An important cultural experience that heavily influenced my photography was traveling to Antigua, Guatemala in March of 2011. While there I began a portrait series of the women of a local weaving cooperative and their children. No longer surrounded by people and places I knew, I photographed the unfamiliar. Even so in these women I felt a bond. They were beautiful, each of them silently relating to me their histories through their gaze. Across cultures, and across language, I felt them. I also turned my camera lens towards the landscape. I captured the scenery which they saw everyday, yet was completely new to me. This experience not only changed how I take pictures but also how I viewed portraits.
I chose to focus on the women of this cooperative because they represent a strong female presence in their community. These women were challenging gender norms in their quest for an independent income in order to send their children to school. Education is very expensive for families in Guatemala, which is why many children do not continue attending after primary school. Without education, many assume the roles in the community that contribute to the family income. This income is particularly important to this community because these young children are now able to attend school, while their mothers had not.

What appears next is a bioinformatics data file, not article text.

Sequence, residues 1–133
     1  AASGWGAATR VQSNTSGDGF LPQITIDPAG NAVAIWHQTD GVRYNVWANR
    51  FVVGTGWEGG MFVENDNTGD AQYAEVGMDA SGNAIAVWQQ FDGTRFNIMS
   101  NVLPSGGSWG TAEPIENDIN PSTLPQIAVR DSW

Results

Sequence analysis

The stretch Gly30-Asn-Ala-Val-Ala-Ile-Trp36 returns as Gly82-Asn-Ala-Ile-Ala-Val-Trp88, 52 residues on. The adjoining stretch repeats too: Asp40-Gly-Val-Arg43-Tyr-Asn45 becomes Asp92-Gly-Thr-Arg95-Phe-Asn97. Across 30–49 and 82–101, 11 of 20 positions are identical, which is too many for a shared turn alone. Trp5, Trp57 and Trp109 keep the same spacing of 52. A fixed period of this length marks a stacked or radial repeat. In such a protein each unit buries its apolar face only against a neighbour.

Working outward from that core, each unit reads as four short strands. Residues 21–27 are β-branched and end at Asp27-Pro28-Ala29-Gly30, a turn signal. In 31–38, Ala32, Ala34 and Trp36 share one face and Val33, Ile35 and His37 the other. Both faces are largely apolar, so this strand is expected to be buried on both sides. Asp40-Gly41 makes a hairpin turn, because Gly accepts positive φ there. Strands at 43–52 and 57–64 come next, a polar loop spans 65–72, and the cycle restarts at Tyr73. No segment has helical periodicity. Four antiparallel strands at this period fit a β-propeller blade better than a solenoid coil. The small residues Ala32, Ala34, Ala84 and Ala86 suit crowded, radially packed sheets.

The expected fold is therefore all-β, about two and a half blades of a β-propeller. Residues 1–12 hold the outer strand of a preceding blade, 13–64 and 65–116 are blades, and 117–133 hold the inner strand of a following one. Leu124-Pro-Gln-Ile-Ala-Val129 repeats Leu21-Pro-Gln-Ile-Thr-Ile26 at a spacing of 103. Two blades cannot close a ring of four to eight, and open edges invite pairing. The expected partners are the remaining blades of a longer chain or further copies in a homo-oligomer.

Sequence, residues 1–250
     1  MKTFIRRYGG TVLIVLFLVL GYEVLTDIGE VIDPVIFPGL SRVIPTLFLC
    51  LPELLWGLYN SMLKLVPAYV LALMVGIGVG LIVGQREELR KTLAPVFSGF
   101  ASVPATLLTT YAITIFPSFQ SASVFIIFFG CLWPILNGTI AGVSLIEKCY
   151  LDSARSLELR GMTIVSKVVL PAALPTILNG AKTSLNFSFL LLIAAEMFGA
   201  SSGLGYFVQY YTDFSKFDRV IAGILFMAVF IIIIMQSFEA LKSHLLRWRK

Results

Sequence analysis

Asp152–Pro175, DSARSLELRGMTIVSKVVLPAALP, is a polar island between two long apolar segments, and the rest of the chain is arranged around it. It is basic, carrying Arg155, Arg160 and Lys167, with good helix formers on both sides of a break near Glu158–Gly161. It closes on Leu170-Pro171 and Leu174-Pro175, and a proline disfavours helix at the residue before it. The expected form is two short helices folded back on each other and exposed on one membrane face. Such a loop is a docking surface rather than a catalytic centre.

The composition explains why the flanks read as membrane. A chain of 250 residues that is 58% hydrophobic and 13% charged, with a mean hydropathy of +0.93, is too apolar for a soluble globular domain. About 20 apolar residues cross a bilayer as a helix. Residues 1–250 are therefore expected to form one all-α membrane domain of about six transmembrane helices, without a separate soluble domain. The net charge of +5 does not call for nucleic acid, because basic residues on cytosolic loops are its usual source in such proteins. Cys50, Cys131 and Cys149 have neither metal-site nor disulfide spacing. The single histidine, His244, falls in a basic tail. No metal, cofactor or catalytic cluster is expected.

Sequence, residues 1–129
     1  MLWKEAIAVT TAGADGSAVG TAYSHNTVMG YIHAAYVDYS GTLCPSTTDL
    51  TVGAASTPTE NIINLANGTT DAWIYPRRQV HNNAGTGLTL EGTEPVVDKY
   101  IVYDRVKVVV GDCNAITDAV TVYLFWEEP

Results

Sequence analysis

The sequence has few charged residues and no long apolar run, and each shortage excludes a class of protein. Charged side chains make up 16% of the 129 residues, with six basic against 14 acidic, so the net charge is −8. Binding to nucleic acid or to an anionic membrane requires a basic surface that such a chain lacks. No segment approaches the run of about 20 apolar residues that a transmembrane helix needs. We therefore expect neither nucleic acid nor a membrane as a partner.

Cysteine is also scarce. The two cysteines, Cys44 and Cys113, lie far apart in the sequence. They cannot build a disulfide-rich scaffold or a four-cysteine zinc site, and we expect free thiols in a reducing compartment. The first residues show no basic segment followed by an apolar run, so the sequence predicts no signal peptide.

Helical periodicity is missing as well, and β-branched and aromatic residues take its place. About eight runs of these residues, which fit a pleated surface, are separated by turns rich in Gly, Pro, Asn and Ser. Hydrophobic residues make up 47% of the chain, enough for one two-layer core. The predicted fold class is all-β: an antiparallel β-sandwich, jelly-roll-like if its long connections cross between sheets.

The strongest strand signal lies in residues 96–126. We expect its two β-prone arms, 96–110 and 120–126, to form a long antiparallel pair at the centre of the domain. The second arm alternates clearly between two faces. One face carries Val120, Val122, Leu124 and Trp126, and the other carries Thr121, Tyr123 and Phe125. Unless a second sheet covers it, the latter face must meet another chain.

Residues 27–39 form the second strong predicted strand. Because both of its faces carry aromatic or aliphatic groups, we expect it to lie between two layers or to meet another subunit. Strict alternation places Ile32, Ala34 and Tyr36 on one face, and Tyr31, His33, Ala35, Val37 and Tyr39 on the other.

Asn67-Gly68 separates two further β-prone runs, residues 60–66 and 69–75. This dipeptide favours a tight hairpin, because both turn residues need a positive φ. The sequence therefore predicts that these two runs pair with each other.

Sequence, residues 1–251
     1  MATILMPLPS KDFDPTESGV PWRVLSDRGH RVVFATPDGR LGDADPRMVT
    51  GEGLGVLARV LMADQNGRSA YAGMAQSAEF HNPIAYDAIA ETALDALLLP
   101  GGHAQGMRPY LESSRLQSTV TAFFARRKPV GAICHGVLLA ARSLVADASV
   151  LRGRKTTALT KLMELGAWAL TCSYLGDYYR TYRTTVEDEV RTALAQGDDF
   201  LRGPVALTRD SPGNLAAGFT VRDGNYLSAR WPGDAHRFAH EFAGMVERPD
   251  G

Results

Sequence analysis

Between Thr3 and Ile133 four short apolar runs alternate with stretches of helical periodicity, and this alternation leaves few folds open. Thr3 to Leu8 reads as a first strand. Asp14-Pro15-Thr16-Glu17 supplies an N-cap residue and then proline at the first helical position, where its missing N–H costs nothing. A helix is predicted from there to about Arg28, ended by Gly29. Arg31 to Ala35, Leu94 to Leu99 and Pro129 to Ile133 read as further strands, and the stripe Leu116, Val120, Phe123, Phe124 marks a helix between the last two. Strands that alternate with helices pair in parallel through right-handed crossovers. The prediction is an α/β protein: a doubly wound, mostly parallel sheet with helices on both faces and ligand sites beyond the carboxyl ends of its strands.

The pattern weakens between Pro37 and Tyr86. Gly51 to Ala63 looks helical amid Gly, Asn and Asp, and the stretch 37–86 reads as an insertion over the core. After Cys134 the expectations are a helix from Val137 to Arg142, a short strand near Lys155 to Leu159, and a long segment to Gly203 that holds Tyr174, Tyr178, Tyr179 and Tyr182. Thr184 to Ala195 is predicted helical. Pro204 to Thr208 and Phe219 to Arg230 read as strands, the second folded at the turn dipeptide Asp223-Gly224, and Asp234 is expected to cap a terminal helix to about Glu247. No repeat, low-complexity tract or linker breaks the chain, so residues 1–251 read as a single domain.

It is through this work, that I wanted to focus on the relationship between these women and their children as well as the landscape that surrounded them. What made me want to explore these two subjects is my own experience. As a female artist who grew up in an all female household, I am interested in the bond between sisters and the bond between mother and daughter. I am also particularly sensitive to the trials and tribulations of the gendered experience and how we develop our sense of self within certain spaces.